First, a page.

The Jaguar Mk VII was Jaguars first car to receive the new Lucas DR1 two speed motor in 1952 and the DR1 was used by Jaguar until 1957 when it was replaced by the DR3 type. Based on the experience gained from 1952 onwards all Jaguar XK 140 versions got this 2 speed Lucas DR1 type in 1954 and all have Jaguar Part Nº C11840 which is Lucas Part Nº 75233A. Next to the aforementioned Jaguar Mk VII also the jaguar Mk VIII in 1957 as well as the jaguar Mk1 2.4 litre saloon from 1956 onwards had a DR1 type wiper motor. Although in total 7 different Lucas DR1 motors have been used by Jaguar the wiper motor of the Jaguar XK 140 is unique as it is the only DR1 motor with a 90° wipe angle! Even if we include all 23 different Lucas DR1 motors supplied to different car manufacturers (see survey below) the DR1 motor for the XK 140 remains the only one with a 90° wipe angle.
So none of the other DR1 wiper motors are a direct replacement for the XK 140 and therefore be careful when purchasing a DR1 motor that has not the correct part number Lucas 75233. Unfortunately there are many sellers on the internet that automatically include the XK 140 in their list of applications when offering a particular (but wrong) DR1 motor. It is of course possible to replace the “Shaft and Gear” that determines the wipe angle (as we will see later) but finding a 90° version is “a needle in a haystack” as probably less than ten thousand have been made by Lucas ever.
A lot has been written about the Lucas DR1 wiper motor, the wiper loom and the required wiper switch types. Reference is made of the excellent story on the subject by Eric Capron presented on the Jag-lovers website http://www.jag-lovers.org/xk-lovers/library/wsmotor/motor.htm . But as all DR1 motors “as far as still alive” have fulfilled their duties for over 55 years, it is often required to thoroughly check the internals (or even to do a complete overhaul) to get it working again in a reliable way. And exactly this particular subject is not well documented. For that reason this article has been written, to learn about the mechanical aspects of this engine and about the problems you may encounter.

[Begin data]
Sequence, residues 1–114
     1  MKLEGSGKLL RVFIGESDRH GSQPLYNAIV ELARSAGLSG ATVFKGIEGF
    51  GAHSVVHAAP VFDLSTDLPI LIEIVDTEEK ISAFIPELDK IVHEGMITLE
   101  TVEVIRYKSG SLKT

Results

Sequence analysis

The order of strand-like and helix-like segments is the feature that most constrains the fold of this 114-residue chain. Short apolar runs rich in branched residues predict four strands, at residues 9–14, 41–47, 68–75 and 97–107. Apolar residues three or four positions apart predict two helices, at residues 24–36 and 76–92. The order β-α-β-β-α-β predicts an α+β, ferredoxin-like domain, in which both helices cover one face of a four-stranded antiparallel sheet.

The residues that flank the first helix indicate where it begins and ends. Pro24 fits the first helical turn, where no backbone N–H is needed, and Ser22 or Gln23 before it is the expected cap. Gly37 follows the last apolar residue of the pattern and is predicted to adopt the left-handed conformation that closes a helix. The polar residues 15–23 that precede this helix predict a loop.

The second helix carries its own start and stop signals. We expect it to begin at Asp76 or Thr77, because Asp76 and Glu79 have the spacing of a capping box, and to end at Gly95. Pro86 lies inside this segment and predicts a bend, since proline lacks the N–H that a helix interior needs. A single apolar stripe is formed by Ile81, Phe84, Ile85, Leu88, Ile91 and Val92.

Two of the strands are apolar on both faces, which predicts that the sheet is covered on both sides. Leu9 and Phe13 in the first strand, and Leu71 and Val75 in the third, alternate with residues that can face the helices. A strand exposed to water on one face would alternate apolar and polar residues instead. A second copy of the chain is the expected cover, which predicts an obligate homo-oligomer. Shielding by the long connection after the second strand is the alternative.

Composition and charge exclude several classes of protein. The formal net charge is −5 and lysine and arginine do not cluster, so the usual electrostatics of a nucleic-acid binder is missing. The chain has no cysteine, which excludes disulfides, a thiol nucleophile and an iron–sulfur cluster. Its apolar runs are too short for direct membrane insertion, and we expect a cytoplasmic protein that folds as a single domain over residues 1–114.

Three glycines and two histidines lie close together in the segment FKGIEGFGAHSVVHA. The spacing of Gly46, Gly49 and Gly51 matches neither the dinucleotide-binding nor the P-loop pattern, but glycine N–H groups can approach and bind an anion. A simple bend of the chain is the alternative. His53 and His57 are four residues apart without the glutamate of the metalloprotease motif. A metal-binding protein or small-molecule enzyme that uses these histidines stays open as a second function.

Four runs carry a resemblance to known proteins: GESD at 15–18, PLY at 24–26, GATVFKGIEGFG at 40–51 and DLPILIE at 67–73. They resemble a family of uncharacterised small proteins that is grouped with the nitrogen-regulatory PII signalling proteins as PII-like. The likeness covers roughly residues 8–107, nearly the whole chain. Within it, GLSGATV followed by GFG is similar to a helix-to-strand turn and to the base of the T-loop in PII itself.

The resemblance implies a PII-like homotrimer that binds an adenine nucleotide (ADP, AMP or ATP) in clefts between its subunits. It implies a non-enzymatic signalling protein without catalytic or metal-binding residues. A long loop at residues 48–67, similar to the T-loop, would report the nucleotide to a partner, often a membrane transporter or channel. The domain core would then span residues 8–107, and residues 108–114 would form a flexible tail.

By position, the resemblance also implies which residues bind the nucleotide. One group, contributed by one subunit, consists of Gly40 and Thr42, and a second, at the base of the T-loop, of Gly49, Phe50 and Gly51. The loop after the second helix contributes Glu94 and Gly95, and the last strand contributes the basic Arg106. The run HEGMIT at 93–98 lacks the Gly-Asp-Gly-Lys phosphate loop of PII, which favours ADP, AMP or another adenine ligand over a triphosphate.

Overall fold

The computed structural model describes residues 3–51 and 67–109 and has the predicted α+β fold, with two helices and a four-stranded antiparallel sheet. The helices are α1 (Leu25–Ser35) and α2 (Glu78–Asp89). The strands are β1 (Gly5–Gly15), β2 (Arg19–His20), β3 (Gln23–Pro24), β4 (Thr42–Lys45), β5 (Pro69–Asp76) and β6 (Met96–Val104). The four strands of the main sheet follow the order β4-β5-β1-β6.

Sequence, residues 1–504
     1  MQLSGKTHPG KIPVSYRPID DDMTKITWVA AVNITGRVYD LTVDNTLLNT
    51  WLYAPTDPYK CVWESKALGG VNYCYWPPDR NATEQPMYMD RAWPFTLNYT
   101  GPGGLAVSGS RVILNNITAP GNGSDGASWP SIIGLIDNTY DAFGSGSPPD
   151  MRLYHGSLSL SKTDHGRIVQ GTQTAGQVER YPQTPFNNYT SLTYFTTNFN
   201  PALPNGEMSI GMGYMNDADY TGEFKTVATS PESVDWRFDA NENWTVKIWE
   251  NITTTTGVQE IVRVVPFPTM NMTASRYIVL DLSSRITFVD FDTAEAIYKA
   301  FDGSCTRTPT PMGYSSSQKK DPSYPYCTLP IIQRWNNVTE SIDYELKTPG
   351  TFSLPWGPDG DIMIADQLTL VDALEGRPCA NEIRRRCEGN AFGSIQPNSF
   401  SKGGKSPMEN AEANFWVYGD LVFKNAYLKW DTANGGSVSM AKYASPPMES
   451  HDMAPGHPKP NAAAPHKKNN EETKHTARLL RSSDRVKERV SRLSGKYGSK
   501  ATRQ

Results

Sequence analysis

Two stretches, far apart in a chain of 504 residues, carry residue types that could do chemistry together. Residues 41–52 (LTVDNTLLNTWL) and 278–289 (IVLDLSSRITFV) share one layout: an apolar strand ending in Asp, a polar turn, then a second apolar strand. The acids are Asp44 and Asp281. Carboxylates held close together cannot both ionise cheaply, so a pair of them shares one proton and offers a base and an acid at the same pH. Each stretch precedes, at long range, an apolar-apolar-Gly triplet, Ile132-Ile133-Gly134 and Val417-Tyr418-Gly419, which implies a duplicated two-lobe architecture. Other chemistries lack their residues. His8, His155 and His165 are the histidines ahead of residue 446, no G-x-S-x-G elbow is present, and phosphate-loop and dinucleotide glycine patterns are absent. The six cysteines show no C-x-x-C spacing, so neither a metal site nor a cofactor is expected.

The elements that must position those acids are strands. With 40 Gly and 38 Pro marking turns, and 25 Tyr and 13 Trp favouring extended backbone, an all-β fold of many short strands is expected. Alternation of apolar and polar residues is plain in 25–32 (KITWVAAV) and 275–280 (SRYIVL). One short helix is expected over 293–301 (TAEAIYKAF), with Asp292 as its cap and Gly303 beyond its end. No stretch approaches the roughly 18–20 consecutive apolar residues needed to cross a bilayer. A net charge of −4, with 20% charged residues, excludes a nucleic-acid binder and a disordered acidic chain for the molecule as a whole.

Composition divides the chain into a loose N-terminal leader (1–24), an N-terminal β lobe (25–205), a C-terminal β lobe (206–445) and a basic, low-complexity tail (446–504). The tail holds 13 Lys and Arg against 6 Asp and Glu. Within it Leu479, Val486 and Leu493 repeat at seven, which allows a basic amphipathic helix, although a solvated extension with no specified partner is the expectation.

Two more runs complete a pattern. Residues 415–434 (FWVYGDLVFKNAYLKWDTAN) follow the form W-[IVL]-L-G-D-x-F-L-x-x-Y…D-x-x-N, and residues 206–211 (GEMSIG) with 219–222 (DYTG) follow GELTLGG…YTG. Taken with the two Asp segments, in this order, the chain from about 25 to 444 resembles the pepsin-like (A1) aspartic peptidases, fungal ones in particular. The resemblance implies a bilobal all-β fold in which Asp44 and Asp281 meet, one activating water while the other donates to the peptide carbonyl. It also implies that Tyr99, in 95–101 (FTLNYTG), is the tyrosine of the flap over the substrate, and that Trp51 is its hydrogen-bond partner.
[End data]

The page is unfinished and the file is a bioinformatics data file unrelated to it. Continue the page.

The DR1 construction
As the writer is far from an expert in electric motors, we will refrain from an in-depth electrical analysis of the motor and stick to the (electro) mechanical aspects. The Lucas DR1 wiper unit is a combination of a DC electro motor and gearbox in which a crank mechanism translates the high speed rotation of the motor in a low speed lengthwise movement of the wiper rack. The motor is of the “eccentric shunt” type, which stands for a motor with only one field coil situated on one side of the armature whereby the armature is positioned offset from the centre. The ‘ U ‘ shaped yoke of mild steel which forms part of the body of the unit completes the magnetic circuit, bringing the opposite polarity to the pole piece on the other side of the armature.
Disassembly starts by removing (if not already done when taking the wiper motor from the car) the aluminium cover from the commutator end bracket (one screw 2BA) after which the wires of the wiper loom become visible. There are 5 “push-in contacts” to which the individual wires have been connected and a special rectangular rubber grommet through which all 5 wires run. Try to save this one because they are difficult to find. The “End Cover Grommet” has Lucas part number 740722.
Note: a replacement “End Cover Grommet” Lucas 740722 is very difficult to find. The Aston Martin Feltham Club took the initiative to invest in a mould and remanufacture a small batch of these grommets in black poly-urethane and the grommet is also available to others. If you need one, contact the AMF Club on www.amfclub.com and look for Email in the RH column.
The DR1 Commutator End Bracket with 5 contacts, armature bearing housing and 2 through bolts